She is the past Ranking Member of the Homeland Security Subcommittee on Maritime and Border Security. Congresswoman Jackson Lee is also the past Chairwoman of the Homeland Security Subcommittee on Transportation Security and Infrastructure Protection. She was named by ‘Congressional Quarterly’ as one of the 50 most effective Members of Congress and the ‘U.S. News and World Report’ named her as one of the 10 most influential legislators in the U.S. House of Representatives. She is a founder, member, and co-chair of the Congressional Children's Caucus. She is also chair of the Congressional Black Caucus Energy Braintrust, co-chair of the Justice Reform Task Force, a leadership appointed member of the International Helsinki Commission. She serves as Senior Whip for the Democratic Caucus, past Chairperson of the Texas Congressional Democratic Delegation for the 113th Congress, and current Chair of the Congressional Black Caucus Foundation Board. Congresswoman Sheila Jackson Lee earned a B.A. in Political Science from Yale University with honors in the first graduating class including females, followed by a J.D. from the University of Virginia Law School. She is married to Dr. Elwyn Lee who is also a Yale Graduate and an Administrator at the University of Houston. She has two children Jason Lee a graduate of Harvard University and Erica Lee a graduate of Duke University who is also a Member of the Harris County School Board in Houston, Texas. She is also the proud grandmother of two grandkids (twins), granddaughter Ellison Bennett Carter and grandson Roy Lee Carter, III.

Congressman Frank Pallone

United States House of Representatives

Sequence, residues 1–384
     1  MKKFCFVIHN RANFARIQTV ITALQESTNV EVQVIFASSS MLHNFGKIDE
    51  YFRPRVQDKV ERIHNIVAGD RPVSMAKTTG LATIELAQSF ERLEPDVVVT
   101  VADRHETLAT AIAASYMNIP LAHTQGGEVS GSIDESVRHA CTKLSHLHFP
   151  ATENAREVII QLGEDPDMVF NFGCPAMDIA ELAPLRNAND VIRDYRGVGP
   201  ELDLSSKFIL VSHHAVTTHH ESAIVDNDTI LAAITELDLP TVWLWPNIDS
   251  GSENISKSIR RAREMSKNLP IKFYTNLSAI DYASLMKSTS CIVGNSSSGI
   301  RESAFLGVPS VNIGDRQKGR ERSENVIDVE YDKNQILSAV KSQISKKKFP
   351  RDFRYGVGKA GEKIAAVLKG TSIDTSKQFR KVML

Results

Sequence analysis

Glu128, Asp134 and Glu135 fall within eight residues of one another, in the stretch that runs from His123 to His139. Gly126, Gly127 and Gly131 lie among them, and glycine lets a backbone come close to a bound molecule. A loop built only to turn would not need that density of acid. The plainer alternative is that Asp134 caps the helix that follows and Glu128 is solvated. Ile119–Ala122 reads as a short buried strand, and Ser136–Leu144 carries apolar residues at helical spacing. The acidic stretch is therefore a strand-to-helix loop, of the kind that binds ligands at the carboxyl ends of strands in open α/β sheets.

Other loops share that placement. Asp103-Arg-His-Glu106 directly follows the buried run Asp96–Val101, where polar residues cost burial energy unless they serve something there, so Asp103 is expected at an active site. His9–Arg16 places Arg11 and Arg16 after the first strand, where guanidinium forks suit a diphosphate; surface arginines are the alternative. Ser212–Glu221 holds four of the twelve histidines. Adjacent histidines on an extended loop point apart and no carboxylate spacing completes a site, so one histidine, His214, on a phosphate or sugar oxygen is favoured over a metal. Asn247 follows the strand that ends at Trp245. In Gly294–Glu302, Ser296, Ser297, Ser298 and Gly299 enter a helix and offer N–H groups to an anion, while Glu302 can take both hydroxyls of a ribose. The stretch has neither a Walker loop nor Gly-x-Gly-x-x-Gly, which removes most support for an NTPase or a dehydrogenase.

Congressman Frank Pallone, Jr. (NJ-06) has represented central New Jersey in Congress since 1988. On January 3, 2019, Frank Pallone, Jr. was sworn in for his 16th full term in the U.S. House of Representatives. Pallone represents New Jersey's Sixth Congressional District, which covers most of Middlesex County, as well as the Bayshore and oceanfront areas of Monmouth County. In 2019, Pallone was sworn in as the Chairman of the House Energy and Commerce Committee after serving as the Ranking Member in the 115th Congress. The Committee has jurisdiction over issues pertaining to energy, environment, health care, commerce, and telecommunications. Throughout his career, Pallone has been a leader in protecting the integrity of the Medicare guarantee and Medicaid programs, making the nation’s food system safer, strengthening laws to keep our air and water clean, making health care more affordable and accessible, and supporting initiatives that advance and protect the public health. From 2006 to 2014, Pallone served as the top Democrat on the Committee’s Subcommittee on Health. As Chairman during the 111th Congress, Pallone played a key role in authoring and passing the Affordable Care Act. The landmark law extends health care coverage to millions of Americans, while driving down health care costs and reigning in abusive tactics used by insurance companies to deny medical treatment. Frank Pallone, Jr., was born and raised in Long Branch, New Jersey, where he still resides. He is a graduate of Middlebury College, holds a master's degree in international relations from the Fletcher School of Law and Diplomacy at Tufts University and earned his law degree at Rutgers University. Pallone began his political career in his home city of Long Branch, getting elected to the City Council in 1982 and winning re-election four years later. In 1983, he was elected to the state Senate, representing the Monmouth County coastline and was re-elected in 1987. On November 8, 1988, at the age of 37, Pallone was elected to the House of Representatives from New Jersey's former Third District and was re-elected in 1992 to the newly formed Sixth District. Pallone and his wife Sarah have three children; daughters Rose Marie and Celeste Teresa, and a son, Frank Andrew.